Fiscal Responsibility Follies
Whoever said irony died after 9/11 clearly didn’t anticipate this.
“Now that President Obama has signed a $787 stimulus package [sic] into law and weighed tens of billions more to aid homeowners and banks,” deadpans a hastily-written New York Times political blogpost, “he will take a break next Monday to consider just how the government can get a grip on its increasingly ugly balance sheet.”
Yes folks, it’s the “fiscal responsibility summit,” not to be confused with the “fiscal wakeup tour” chronicled in I.O.U.S.A.
90 invitees will wring their hands over the prospect of a $2 trillion dollar deficit this year. No word yet who exactly is on the guest list, but we know the rough makeup of this august panel — 30 House members, 30 senators, and “30 scholars and representatives of advocacy groups such as AARP.”
Well, I guess the irony of inviting habitual big spenders isn’t too thick if George W. Bush isn’t among the invitees.
“After Mr. Obama opens the summit,” the Times continues, “the assemblage will break into six groups. Each will discuss separate topics that encompass the range of fiscal challenges that would exist even without the current recession and will endure once the economy recovers. The topics include health-care costs, Social Security, tax reform, defense procurement and the federal budget process.”
I can give you a rough outline of what these guys are going to come up with right now, before the summit takes place, without even knowing who’s taking part.
- Health care costs: No big solutions will be proposed, but whatever short-term fixes are floated will will further intrude on privacy, further restrict patient choice, and further line the pockets of the insurance companies. (Memo to everyone who fears “socialized medicine”: Never gonna happen. What will happen is a further cementing of a system that, if I may borrow from James Grant’s terminology for the financial sector, privatizes profit and socializes cost. Free-market fee-for-service solutions? That’s not something Serious People talk about.)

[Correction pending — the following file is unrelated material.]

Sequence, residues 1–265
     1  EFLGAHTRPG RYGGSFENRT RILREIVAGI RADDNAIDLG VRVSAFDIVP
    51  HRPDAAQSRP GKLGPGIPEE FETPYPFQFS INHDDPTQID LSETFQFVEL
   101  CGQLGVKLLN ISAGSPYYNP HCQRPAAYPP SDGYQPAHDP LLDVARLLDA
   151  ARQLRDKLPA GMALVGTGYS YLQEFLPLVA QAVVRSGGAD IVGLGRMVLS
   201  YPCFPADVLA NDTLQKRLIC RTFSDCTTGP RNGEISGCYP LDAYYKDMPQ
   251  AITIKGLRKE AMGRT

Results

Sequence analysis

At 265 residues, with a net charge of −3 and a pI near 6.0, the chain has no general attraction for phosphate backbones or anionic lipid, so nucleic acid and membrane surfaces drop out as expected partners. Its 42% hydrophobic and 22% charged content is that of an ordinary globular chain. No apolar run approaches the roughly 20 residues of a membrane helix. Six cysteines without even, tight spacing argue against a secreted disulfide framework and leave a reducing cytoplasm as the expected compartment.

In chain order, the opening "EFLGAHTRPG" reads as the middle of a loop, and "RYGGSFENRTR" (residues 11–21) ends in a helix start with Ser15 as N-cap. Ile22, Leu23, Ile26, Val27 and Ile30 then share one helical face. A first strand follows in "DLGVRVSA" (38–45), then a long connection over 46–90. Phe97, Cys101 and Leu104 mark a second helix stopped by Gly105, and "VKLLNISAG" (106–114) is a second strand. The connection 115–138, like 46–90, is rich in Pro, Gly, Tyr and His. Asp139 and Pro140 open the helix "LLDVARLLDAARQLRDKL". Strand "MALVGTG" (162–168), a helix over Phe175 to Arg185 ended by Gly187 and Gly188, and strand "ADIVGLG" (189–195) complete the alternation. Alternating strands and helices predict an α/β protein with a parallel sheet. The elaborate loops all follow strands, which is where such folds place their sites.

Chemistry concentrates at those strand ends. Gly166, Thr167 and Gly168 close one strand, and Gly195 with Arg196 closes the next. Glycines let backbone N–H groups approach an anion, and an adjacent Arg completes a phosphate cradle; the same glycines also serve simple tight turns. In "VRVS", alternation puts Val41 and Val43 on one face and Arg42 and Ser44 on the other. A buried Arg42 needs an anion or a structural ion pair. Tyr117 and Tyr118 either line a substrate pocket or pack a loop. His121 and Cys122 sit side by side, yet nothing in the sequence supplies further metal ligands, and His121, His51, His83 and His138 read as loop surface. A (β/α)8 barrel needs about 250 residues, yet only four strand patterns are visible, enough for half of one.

- Social Security: Again, don’t expect any big pronouncements here, but we will get some sort of trial balloon for raising taxes and/or lowering benefits. The president’s budget chief is on record supporting benefit cuts for everyone under age 55.
- Tax reform: Oh, let me guess. Maybe a recommendation to fix the alternative minimum tax once and for all. And said proposal will go nowhere. Fundamental rethinking of the system will not be open for discussion.
- Defense procurement: Much noise about reining in costs, maybe even lip service to rethinking whether we need Cold War-era ships and aircraft to fight guys in caves. But as with the health insurance industry, the special interests are simply too well-entrenched.
- The federal budget process: Lip service to fighting “waste, fraud, and abuse.”
There, that was easy. There’s your “fiscal responsibility summit.” Everyone can slap each other on the back when it’s over and feel really good about themselves when they go home. And we’ll fall even further into a multi-trillion-dollar hole.